A Profile of Daniel Deivison-Oliveira, Soloist at San Francisco Ballet

05/03/2017 06:54 pm ET Updated May 04, 2017

Daniel Deivison-Oliveira joined San Francisco Ballet in 2005 and was promoted to Soloist in 2011. I first saw him in 2006. It was my first assignment. The occasion – a matinee, the final performance of the Company’s previous production of Swan Lake. The dual roles of Odette / Odile were danced by Lorena Feijóo. Davit Karapetyan appeared as Siegfried. Life was never the same and both superstars have just bid their farewells. ”I was Apprentice for a month,” said Daniel, “and then Corps after that. I danced in the Act I ‘Peasants’ and the Act III ‘Czardas’.”

How did he land at San Francisco Ballet?

Daniel Deivison-Oliveira
Erik Tommasson
Daniel Deivison-Oliveira

“I went to the YAGP competition in New York. Through that, I got a lot of offers for either a contract or a school scholarship including with Canada's National Ballet School, some in Germany, Alvin Ailey, and American Ballet Theatre. Kevin McKenzie [Artistic Director of ABT] offered me an invitation. I was 16 and he thought I was too young to join the company, but would take me when I turned 18. I was also offered an apprenticeship with San Francisco Ballet for 2003, but I had a fight with my teacher. So, it didn’t work out for me to come here and I stopped dancing for a while. In 2004, I was contacted by San Francisco Ballet saying they had a school company they were starting. Then my dad got involved and I came here. I became one of the pioneers in the training program.”

Daniel Deivison-Oliveira and Elizabeth Powell  in Millepied’s <em>The Chairman Dances</em>.
Karolina Kuras
Daniel Deivison-Oliveira and Elizabeth Powell in Millepied’s The Chairman Dances.

“Coming from Brazil, famous companies such as ABT, Paris Opera, Royal Ballet were always out there. Every kid wants to be in one of those companies because they hear so much about them. I had never heard of San Francisco Ballet. Back then – in Brazil and also South America – I was one of the most talented of the kids and the men in my age group. I say that because of the number of competitions I went to. My name was appearing in the newspapers, on television, the arts world. It never went to my head. I was doing very well and was ready to take another step – such as the opportunity to leave Brazil. My thinking back then was that I wanted to spend a few years outside, to see what was going on, then go back to Brazil and my family. I’m very attached to my family. I believe I made the best decision in coming here. But it wasn’t easy.”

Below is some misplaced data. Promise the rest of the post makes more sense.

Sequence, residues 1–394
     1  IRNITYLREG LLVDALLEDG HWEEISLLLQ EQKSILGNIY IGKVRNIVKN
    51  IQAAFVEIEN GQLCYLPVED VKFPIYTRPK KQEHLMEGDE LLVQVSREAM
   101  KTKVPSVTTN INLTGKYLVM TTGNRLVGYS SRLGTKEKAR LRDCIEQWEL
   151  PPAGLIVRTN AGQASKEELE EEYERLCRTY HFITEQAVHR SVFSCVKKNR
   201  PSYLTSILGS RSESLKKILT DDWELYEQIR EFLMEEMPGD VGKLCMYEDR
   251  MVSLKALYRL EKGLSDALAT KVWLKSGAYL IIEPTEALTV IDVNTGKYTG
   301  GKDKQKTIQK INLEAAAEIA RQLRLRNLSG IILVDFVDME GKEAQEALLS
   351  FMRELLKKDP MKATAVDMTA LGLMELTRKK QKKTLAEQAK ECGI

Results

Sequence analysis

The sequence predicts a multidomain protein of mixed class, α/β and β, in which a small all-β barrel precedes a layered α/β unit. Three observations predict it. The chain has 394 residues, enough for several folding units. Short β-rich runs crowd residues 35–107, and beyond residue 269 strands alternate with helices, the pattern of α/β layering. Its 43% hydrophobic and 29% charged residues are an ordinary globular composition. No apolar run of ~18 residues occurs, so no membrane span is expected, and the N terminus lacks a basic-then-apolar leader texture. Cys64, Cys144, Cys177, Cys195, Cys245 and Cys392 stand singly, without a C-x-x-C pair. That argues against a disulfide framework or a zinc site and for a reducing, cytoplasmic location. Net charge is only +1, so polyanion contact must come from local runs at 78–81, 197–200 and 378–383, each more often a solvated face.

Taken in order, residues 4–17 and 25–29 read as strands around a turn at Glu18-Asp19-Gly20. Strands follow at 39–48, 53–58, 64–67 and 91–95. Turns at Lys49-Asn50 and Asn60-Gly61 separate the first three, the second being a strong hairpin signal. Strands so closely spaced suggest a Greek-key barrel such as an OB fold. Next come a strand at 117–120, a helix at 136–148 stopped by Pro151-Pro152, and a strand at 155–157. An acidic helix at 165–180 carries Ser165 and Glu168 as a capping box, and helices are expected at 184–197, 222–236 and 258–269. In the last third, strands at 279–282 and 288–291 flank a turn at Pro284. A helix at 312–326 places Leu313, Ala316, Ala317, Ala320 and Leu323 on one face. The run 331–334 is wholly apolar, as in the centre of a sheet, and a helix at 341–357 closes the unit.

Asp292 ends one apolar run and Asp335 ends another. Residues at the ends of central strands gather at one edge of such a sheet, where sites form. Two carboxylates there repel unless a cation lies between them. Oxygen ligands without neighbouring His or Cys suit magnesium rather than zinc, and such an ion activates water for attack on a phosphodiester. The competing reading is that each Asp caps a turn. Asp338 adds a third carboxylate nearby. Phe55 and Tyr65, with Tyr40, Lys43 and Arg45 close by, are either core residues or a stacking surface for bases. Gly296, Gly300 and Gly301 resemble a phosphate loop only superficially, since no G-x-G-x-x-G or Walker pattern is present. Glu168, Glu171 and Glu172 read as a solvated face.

Daniel’s bio on SFBallet.com reflects the company’s amazing range of repertoire and its diverse roster of choreographers. His strong technique, athletic drive and artistic insight commands our attention, especially through the (sometimes challenging) contemporary works and – on the other end – the anticipated demands of a dramatic role such as “Tybalt” in Tomasson’s Romeo and Juliet.

Daniel Deivison-Oliveira as Tybalt in Tomasson's <em>Romeo &amp; Juliet</em>
Erik Tomasson
Daniel Deivison-Oliveira as Tybalt in Tomasson's Romeo & Juliet

“It’s up to you – your level of artistry – to come up with something. The choreographer should not have to say something like, ‘Smile here, look sad there.’ Even though I’m classically trained and take class every day to maintain my technique – I’m very into the modern and new classical works. But I would like to do Romeo. I’m at my best whenever I have an acting role. It’s what I enjoy performing the most. It’s only a matter of opportunity. I’ve also done Von Rothbart in Swan Lake, the Moor in Petrouchka, the Kaschei in Firebird. There is a tendency for me to play the bad guys. But tonight I have Wheeldon’s Within the Golden Hour – third pas de deux, principal and Tomasson’s Trio – second movement, principal. For me, it’s the most interesting part of the ballet. He has said certain things about what it represents. I do a pas de deux with Lauren Strongin – we look like we are enjoying what we’re doing, we’re in love. Suddenly, another guy comes in. He represents death. He begins pulling her away and eventually takes her away. Technically, I don’t see him. It’s like – omigod, where are you going? I move from smiles and enjoyment to suffering and regret. I would definitely enjoy dancing ‘the bad guy’ – but, in this piece, I’m happy with my role. Whatever the music is – you have to create a mood even though there may be no character, no story.”

I told Daniel that every time I attend The Nutcracker I wonder how many kids out in the audience will wind up in a ballet class the following January. His countless appearances have no doubt sparked many an imagination. What would his advice be to the kid, especially the boy, who thinks he may want to continue with ballet and knows he must compete?